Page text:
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Lesson Transcript

Let’s take a closer look at the conversation.
Do you remember how Sasha asks,
"Excuse me, do you have any salt?"
Sasha Lee: Excusez-moi. Avez-vous du sel ?
Let’s start with Excusez-moi. "Excuse me." Excusez-moi.
First is excusez, meaning, "Excuse." Excusez (enunciated). Excusez.
Next is moi, "me." Moi (enunciated). Moi.
Together, Excusez-moi, "Excuse me." Excusez-moi.
Note: You may be familiar with Excuse-moi, the informal form of "Excuse me." In this conversation, Sasha is speaking with someone she doesn’t know, so she uses the formal form, Excusez-moi.
Next is avez, meaning "[you] have." Avez (enunciated). Avez.
Avez is from the verb avoir, "to have." Avoir.
After this is vous, "you." Vous (enunciated). Vous.
Note, vous is the plural form of "you," as in "you all." But here it's the formal way to address a single person. Vous (enunciated). Vous.
Together, avez-vous is the formal way to say "Do you have…?"
After that is du sel, translating as "any salt" in this context. Du sel.
Translation note: Du sel can translate "some salt" or "any salt" depending on the context. Here, in the question format, "any salt" is a more natural translation.
Let’s start with sel, "salt." Sel (enunciated). Sel.
In French, all nouns have grammatical gender and are either singular or plural. Sel is masculine and singular — a fact which will determine the form of other words in the sentence.
Before sel is the article du.
Du is masculine and singular to agree with sel.
Du is a contraction of de, meaning “of” and le, meaning “the,” but in this context, think of it like "some" or "any" in English. Du (enunciated). Du.
Together, du sel translates as "any salt" in this context. Du sel.
All together, Excusez-moi, avez-vous du sel ? literally, "Excuse me, do you have some salt?" but in more natural English it’s "Excuse me, do you have any salt?"
Sasha Lee: Excusez-moi, avez-vous du sel ?
Let’s take a closer look at the response.
Do you remember how the shop clerk says,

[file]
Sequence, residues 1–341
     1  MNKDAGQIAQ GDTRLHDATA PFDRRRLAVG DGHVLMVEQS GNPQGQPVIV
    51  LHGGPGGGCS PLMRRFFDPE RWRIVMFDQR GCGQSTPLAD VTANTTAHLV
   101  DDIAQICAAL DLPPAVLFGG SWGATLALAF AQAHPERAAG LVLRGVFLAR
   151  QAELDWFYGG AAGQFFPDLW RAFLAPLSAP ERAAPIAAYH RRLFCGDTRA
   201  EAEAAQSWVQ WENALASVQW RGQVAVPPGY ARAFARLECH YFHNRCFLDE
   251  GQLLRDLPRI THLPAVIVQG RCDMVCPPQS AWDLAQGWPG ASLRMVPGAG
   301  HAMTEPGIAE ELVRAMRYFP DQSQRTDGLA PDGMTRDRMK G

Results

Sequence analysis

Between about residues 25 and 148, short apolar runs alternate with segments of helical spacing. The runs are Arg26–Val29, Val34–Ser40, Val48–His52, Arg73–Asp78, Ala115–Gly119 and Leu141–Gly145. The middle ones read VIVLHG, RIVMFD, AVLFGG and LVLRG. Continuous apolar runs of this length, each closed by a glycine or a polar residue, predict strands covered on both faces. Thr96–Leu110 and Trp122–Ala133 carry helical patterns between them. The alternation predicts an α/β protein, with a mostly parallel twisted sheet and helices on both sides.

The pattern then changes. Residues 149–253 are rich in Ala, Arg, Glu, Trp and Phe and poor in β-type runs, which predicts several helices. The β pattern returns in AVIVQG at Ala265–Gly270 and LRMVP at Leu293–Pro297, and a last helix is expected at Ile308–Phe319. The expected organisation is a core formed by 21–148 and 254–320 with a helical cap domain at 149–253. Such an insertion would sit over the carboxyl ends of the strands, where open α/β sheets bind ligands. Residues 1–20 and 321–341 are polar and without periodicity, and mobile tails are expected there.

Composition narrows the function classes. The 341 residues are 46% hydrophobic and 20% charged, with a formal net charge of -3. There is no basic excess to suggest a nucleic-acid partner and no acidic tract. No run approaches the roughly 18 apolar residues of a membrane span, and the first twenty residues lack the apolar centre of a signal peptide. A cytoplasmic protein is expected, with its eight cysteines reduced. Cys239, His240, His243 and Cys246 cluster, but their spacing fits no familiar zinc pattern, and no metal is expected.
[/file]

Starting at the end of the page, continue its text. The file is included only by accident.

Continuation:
"Yes, it’s here."
Charles Cartier: Oui, c’est ici.
This starts with Oui, "yes." Oui (enunciated). Oui.
It answers Sasha's question,
Excusez-moi, avez-vous du sel ?
"Excuse me, do you have salt?"
Next is c’est, "it’s." C’est (enunciated). C’est.
Note, c’est is a contraction of ce, “it,” and est, “is.” C’est is shortened for easier pronunciation.
Est is from the verb être, "to be." Être.
Last is ici, "here." Ici (enunciated). Ici.
All together, it's Oui, c’est ici. "Yes, it’s here."
Charles Cartier: Oui, c’est ici.
The pattern is
Avez-vous {ITEM}?
Do you have {ITEM}?
Avez-vous {ITEM}?
To use this pattern, simply replace the {ITEM} placeholder with the thing you’re looking for and its corresponding article.
Imagine you’re looking for "milk," lait. Lait (enunciated). Lait.
Lait is masculine and singular.
Before lait is du, translating as "any," in this context. Du.
Du is masculine singular to agree with lait.
Together, du lait. "Any milk." Du lait.
Say, "Do you have any milk?"
Avez-vous du lait ?
"Do you have any milk?"
Avez-vous du lait ?
To use the pattern in this lesson, you’ll need to know the number and gender of the thing you’re asking for. Things like milk or salt are uncountable in French and English. You need to use the singular form regardless of quantity.
The conversation introduces du, which agrees with masculine singular nouns; however, there are several more forms of this article, which often translates as "some" or "any."
For a feminine, singular noun, like confiture, jam, use de la. De la confiture, "some jam" or "any jam."
For both masculine, singular and feminine, singular nouns starting with a vowel, use de l’.
De l’argent, "some money" or "any money."
De l’eau, "some water" or "any water."
Things like apples are countable in both French and English. When there’s more than one, you use the plural form.
For both masculine and feminine nouns in the plural, use des. Des pommes, "some apples" or "any apples."